By Humphrey Carter PALMA

THE article published in the Bulletin on Tuesday which revealed that one in five European residents living in Spain are retired and not registered with their town hall has not come as a surprise to the local authorities.

Yesterday, Calvia Councillor for Foreign Affairs, Kate Mentink, said that she found the report extremely interesting but was forced to admit that she was not shocked by the findings of the study carried out by Spain's leading think tank, the Real Instituto Elcano.

Mentink explained that EU residents who spend 183 days or more in Spain during a calendar year, are obliged to register with their town hall. “The report makes it clear that it is not only British retirees who are ignoring their obligations, but I often get the impression that British residents of all ages coming to live in Spain feel that signing on at the town hall is some kind of ‘Big Brother's watching you' because in Britain they are not required to do so. However, every other country in the EU requires new residents to register with the local authority so that councils know who and where people live. “Perhaps if they did that in Britain the authorities would have a better grip on immigration...” she added. “I know some people don't want to register for fiscal reasons or, as the report states, because they want to live in Spain anonymously, but in today's Europe, it's impossible to hide in Spain.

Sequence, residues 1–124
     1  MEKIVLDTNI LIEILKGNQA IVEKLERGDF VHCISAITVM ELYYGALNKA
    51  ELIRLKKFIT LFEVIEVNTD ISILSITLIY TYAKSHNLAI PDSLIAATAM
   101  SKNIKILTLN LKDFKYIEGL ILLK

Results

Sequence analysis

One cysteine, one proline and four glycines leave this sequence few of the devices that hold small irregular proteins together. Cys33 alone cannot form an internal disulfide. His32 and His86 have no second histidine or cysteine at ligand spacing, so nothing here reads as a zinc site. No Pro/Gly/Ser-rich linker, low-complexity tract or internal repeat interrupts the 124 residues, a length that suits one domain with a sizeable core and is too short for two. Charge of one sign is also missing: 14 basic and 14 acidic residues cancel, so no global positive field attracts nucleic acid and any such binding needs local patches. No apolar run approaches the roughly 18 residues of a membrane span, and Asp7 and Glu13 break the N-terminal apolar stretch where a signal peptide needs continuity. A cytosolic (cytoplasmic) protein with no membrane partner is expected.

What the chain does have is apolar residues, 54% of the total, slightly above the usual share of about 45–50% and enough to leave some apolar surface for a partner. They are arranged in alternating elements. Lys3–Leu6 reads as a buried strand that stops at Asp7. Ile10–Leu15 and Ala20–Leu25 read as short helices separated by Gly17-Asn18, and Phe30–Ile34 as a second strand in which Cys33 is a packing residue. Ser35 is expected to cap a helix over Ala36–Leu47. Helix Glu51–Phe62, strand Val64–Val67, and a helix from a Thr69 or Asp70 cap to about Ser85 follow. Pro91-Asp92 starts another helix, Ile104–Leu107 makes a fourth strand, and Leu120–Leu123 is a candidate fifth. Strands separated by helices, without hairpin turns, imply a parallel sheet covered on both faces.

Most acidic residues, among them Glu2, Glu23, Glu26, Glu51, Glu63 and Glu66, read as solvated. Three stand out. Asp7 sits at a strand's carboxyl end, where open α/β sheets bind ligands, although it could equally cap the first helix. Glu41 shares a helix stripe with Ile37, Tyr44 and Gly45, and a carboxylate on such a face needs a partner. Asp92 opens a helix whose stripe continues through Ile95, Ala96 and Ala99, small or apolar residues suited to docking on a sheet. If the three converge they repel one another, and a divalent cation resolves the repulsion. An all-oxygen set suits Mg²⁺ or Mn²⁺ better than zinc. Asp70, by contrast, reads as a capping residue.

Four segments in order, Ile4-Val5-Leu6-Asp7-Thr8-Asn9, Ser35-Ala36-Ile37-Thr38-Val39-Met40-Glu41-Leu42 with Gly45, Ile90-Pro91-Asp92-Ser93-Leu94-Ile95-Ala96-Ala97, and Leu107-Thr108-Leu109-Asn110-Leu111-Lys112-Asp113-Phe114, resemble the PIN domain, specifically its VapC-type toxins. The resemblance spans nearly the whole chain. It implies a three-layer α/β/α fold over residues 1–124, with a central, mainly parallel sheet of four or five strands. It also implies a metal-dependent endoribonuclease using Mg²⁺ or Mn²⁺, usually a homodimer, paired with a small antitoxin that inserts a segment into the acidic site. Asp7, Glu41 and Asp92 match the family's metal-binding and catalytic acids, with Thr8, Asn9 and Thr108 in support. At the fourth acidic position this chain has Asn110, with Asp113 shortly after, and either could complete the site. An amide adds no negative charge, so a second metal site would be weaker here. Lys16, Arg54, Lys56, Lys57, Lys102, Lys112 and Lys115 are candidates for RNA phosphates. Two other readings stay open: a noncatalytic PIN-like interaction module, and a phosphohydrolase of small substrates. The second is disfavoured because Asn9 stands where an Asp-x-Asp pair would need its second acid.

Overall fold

TAX OFFICES “If the tax offices want to trace someone they can via an interconnected EU data bank, they're not going to look at local council padrons (registers),” Mentink stressed. “But, apart from being obligatory, many elderly residents who never registered are now regretting it. “We're getting cases everyday at the council of foreign residents who may have lost a partner or need medical or home care or some other form of social assistance. “But, if they're not registered we can't help and can only point them in the direction of the local charities and care associations. “It not only increases the pressure on them but the local councils too because our annual budgets from regional and central government are calculated on the population and in many cases, local councils with a high population of foreign residents are not getting the money they really need to cover all the municipal services because a certain percentage of the population is not registered and therefore, as far as the regional and central governments are concerned, don't exist. “If everyone registered, the councils would get the correct amount of funding needed and therefore be able to offer more and better services,” she added. “So, to be quite honest, there's nothing to gain by not registering,” she underlined. “Those who don't miss out on travel discounts, health care, social welfare services, help for those on low incomes, sheltered housing everything a rate and local tax payer is entitled to everywhere else in the EU,” Mentink explained. The Councillor also highlighted that no Spanish or regional political party or government is going to pay too much attention to foreign residents if they are not registered.